Our understanding of how the course of opportunistic bacterial infection is influenced by the microenvironment is limited. We demonstrate that the pathogenicity of P. aeruginosa strains derived from acute clinical infections is higher than that of strains derived from chronic infections, where tissues are hypoxic. Exposure to hypoxia attenuated the pathogenicity of strains from acute (but not chronic) infections implicating a role for hypoxia in regulating bacterial virulence. Mass spectrometric analysis of the secretome of P. aeruginosa derived from an acute infection revealed hypoxia-induced repression of multiple virulence factors independent of altered bacterial growth. P. aeruginosa lacking the pseudomonas prolyl-hydroxylase domain containing protein (PPHD), which has been implicated in bacterial oxygen sensing, displays reduced virulence factor expression. Furthermore pharmacological hydroxylase inhibition reduces virulence factor expression and pathogenicity in a murine model of pneumonia. We hypothesize hypoxia reduces P. aeruginosa virulence at least in part through the regulation of bacterial hydroxylases.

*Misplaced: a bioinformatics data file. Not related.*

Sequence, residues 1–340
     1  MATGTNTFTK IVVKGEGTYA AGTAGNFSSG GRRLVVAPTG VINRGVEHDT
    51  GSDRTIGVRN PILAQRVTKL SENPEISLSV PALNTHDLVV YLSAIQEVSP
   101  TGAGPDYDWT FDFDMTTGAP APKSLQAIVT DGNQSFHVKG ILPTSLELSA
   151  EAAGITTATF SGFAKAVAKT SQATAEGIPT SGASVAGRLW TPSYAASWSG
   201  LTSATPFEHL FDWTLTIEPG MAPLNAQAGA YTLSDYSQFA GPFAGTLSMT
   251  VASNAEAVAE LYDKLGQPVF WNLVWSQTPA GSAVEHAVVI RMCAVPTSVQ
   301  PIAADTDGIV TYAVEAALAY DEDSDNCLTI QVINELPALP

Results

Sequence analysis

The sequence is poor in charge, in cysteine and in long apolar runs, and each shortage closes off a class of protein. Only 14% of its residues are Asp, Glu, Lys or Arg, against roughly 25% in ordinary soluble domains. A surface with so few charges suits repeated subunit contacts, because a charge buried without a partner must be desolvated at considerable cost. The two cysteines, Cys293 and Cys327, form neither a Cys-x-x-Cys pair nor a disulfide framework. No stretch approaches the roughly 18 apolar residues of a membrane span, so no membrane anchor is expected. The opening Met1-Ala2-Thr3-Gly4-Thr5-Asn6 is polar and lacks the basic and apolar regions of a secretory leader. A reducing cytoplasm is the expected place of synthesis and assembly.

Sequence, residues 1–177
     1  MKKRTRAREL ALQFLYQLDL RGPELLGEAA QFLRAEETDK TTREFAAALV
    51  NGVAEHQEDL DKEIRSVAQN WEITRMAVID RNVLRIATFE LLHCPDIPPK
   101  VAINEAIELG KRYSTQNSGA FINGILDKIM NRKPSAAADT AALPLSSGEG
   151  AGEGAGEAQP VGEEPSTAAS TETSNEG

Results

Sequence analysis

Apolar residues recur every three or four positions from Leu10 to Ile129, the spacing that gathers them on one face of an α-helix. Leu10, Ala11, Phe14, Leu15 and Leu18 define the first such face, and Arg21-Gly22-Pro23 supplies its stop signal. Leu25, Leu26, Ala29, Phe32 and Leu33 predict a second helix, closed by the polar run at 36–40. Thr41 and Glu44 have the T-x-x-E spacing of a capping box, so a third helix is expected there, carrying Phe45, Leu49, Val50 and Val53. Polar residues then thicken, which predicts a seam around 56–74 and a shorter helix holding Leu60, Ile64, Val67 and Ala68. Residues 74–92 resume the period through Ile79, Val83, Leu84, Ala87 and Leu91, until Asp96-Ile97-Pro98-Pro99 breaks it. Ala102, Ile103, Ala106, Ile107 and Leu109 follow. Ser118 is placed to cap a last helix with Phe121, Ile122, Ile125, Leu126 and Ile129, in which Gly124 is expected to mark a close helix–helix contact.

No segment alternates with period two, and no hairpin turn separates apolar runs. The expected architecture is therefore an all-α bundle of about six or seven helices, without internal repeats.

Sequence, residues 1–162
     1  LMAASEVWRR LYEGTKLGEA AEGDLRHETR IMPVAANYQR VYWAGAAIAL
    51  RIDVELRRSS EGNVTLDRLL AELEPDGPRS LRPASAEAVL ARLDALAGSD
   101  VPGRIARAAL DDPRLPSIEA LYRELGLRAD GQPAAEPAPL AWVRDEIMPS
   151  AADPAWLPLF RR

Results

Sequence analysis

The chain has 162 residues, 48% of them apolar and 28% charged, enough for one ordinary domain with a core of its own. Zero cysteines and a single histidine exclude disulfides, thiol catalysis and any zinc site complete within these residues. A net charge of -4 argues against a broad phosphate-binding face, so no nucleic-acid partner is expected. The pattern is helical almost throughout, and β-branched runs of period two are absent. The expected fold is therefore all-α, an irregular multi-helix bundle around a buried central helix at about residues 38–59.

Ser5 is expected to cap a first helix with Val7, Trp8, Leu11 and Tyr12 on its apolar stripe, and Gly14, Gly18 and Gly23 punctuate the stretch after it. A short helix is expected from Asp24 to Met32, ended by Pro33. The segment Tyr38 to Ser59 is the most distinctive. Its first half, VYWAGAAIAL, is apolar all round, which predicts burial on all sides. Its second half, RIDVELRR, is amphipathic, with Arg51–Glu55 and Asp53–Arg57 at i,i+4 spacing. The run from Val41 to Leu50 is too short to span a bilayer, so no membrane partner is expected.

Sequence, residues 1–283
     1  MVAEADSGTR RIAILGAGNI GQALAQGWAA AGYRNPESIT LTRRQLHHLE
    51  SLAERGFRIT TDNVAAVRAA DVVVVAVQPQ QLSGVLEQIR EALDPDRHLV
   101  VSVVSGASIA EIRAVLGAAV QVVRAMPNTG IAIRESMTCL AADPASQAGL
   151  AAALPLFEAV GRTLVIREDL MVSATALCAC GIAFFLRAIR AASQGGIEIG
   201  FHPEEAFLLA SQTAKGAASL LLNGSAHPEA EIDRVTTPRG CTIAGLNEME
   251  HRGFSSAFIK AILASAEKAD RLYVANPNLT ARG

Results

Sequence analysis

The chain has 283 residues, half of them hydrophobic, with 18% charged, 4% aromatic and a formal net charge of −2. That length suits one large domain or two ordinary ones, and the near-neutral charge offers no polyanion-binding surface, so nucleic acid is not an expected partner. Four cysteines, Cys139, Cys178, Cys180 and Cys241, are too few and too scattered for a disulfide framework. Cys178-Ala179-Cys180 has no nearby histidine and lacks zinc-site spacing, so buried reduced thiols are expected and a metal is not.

- Alkaline protease
- Virulence Factors, Bordetella